Student Forums
A journal of social practice & professional engagement for the Antioch community

The Essence of Volunteering: Brendon Deal ’15 at Ginganet Student Organization – Iwate Prefectural University in Takizawa, Japan

The Iwate Ginga Net project has been ongoing for several years, beginning almost immediately after the tsunami disaster in March 2011. The Net project is designed to both assist the people in the area with reconstruction and day to day life, with an increasing emphasis on cultural restoration, and additionally provide college students with experience in volunteer work and the opportunity to make a difference for school credit.

My involvement began with the 2014 “Natsu Ginga” or summer Ginga Net project; and at the beginning, I admit I had no idea what I was getting into. Aside from a general idea of what the program was about, I didn’t know any of the specifics. My own experience in Japanese, rusty at the time, and the assistance of my Japanese professor allowed me to register on the website, and in time I found myself on a small train stop in the middle of a gorgeous mountain range in a small, rural area of Japan. Not sure of what would come next, I steeled myself and approached the person holding the large, cheerful “Ginga-Net” sign.

I hesitate to give a blow by blow of the following three weeks, but a brief overview finds several amazing things even upon first inspection. The first thing that has to be mentioned is the people. I had no reason to be nervous, as everyone I met had some of the most marvelous attitudes that I’ve encountered. The staff in charge of the project were cheerful and dedicated, and the people we met on the job who lived in the area were kind, hardworking and positive. Most telling of all, and shocking to someone who’d been on plenty of volunteer jobs, was the fact that the students themselves seemed invested and happy about their involvement. Not present was the usual grumbling and sarcasm that one can sometimes find at such things. During daily meals, meet-and-greets and debriefings, the students’ conversation was replete with fun stories on the activities they’d done and the things they had gotten to try and do.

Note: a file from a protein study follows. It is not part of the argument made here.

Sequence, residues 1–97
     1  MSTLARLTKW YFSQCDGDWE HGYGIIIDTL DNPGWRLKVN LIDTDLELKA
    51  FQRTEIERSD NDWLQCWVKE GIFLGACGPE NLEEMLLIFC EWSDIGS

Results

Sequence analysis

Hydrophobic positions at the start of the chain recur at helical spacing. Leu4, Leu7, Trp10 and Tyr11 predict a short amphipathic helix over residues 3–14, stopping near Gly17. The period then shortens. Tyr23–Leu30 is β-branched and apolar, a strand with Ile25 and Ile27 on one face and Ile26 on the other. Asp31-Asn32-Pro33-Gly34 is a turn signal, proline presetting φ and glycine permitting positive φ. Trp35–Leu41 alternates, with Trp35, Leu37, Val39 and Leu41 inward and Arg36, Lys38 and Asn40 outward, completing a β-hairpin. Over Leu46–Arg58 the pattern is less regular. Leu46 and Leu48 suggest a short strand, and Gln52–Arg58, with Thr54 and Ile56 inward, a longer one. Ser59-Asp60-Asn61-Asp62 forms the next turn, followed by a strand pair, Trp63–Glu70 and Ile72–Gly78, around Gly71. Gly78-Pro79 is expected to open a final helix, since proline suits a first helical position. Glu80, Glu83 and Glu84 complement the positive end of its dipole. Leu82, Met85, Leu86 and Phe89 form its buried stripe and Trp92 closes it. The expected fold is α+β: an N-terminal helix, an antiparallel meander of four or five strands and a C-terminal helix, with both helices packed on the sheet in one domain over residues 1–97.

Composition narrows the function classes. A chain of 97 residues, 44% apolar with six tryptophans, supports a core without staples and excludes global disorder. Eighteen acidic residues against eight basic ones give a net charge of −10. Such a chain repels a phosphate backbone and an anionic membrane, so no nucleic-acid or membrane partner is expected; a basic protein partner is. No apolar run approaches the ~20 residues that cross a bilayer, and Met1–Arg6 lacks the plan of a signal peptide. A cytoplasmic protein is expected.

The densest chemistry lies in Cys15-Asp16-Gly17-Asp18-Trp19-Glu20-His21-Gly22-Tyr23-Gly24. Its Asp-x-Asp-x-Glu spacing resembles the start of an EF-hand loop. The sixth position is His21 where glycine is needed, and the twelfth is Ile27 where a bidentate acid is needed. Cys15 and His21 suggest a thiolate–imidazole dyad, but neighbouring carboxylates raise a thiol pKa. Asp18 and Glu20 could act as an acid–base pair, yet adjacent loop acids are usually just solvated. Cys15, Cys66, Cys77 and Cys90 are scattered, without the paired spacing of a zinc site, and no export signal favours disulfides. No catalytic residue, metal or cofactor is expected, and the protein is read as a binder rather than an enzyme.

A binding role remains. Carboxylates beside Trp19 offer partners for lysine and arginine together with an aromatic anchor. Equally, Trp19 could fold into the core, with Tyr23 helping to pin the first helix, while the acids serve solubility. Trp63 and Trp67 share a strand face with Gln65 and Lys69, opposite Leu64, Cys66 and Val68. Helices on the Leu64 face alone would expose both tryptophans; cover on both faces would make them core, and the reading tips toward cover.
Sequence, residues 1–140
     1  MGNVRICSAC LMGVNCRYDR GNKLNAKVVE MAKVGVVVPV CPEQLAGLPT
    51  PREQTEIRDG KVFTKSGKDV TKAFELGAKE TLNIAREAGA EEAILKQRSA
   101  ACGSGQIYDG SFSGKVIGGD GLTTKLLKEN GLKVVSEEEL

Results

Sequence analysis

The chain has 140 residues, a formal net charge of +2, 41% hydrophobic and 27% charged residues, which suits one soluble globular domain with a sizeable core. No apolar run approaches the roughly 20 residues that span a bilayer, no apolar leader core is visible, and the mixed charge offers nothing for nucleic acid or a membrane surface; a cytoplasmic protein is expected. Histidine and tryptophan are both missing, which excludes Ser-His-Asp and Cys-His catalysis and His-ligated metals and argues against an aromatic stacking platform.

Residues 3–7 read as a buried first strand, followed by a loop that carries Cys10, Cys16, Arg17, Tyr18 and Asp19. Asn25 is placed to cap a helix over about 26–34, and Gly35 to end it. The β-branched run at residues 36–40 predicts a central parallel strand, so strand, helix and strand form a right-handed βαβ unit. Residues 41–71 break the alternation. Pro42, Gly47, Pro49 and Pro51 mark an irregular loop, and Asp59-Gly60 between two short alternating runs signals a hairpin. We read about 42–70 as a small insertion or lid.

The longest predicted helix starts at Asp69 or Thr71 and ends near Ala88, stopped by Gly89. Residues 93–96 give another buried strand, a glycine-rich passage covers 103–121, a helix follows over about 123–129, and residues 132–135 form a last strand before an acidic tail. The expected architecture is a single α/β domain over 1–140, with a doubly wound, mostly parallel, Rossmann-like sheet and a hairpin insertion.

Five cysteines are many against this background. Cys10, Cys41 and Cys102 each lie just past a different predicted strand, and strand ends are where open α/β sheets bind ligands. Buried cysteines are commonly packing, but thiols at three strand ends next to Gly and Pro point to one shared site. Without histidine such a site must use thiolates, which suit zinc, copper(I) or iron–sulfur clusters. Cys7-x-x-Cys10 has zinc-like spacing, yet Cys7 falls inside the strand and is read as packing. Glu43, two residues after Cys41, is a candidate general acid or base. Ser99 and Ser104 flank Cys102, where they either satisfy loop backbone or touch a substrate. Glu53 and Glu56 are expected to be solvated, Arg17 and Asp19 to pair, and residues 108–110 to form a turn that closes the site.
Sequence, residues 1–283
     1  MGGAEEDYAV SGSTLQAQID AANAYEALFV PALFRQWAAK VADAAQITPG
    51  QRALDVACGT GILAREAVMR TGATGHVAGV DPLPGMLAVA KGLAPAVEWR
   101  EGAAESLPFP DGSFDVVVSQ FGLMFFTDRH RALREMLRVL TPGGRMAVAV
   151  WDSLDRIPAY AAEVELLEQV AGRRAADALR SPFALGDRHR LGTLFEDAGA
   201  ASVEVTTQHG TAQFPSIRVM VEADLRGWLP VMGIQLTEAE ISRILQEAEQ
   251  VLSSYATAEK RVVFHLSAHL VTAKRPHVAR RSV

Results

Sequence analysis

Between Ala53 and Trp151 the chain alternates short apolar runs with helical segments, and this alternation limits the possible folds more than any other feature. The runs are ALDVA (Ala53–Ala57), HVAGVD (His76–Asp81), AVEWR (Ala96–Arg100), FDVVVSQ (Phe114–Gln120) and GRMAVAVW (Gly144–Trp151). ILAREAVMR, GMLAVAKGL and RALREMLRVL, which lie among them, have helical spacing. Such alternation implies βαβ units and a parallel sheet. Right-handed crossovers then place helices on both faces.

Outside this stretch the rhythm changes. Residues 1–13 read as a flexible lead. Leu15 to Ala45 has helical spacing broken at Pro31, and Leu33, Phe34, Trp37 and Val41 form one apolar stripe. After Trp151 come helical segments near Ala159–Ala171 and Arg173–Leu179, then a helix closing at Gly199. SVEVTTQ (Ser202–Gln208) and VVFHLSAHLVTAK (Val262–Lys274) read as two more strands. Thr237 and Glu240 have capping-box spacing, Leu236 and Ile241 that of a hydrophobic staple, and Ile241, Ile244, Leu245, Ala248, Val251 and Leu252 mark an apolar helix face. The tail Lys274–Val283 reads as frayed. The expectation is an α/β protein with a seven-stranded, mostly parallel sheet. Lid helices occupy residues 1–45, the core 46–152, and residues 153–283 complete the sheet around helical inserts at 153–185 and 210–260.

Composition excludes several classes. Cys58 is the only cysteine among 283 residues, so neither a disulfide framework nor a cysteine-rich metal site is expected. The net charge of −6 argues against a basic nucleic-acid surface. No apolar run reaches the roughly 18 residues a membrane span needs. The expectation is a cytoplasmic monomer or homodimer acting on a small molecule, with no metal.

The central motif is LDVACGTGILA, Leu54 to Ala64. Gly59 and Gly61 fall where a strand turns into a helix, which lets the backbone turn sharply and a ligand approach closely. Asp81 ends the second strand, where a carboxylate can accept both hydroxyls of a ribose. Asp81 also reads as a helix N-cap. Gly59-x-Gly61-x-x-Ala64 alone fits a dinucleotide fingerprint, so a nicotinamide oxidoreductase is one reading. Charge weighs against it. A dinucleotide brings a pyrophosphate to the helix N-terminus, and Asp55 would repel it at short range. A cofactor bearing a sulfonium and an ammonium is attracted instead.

The activities themselves were engaging as well. It’s one of the truisms of the world that: work that has meaning to it will always be more fulfilling and fun, and this was no exception. While sadly non-participant in the program meant to tutor and play with local children (I didn’t trust my Japanese at the time to be able to assist with the tutoring part), I participated in two of the Ginga Net projects. The “Na no Hana” project, which consisted mostly of farming while I was there, and assisting some of the local fisherman in the local area Ryouishi.

With the Na no Hana project, I was able to participate in the cultivation, harvest, sorting and processing of the Na no Hana flower, or rapeseed in English. The project’s goal was multifold, to provide a wealth influx to the region and use the now partially abandoned farmland, to provide assistance to local farmers as well when necessary, and to cultivate the Na no Hana oil for use in bio-diesel projects, a subject in which the head of the project had campaigned extensively. Over the course of my involvement in the project I was able to harvest and sort, by hand and machine assisted, the seeds in question, label the bottles for shipment, and help prepare the field for planting using a variety of methods and tools from ploughing by hand and measuring with bamboo and string to utilizing a tractor.

The other project didn’t have an official project name, which was appropriate to the more personal feel of the project itself. Working closely with a small family, the other volunteers and I, bagged, sorted, and prepared the “Dashi Konbu” seaweed for sale. It sounds almost factory-like when expressed like that, and nothing could be farther from the truth. In addition to other small jobs, cleaning and sorting mussels and such, we also engaged in conversation with the family, played with his kids, went on rides in the boat to see how the Konbu was harvested and a variety of other small things. It was a good experience to see how the people remaining in the area were still making their living in the aftermath.

All in all, it was a precious experience. As a volunteer, it felt less like a job and more like a concerted effort with a variety of like minded comrades. And really, isn’t that what volunteering is supposed to be about?

Written by
No comments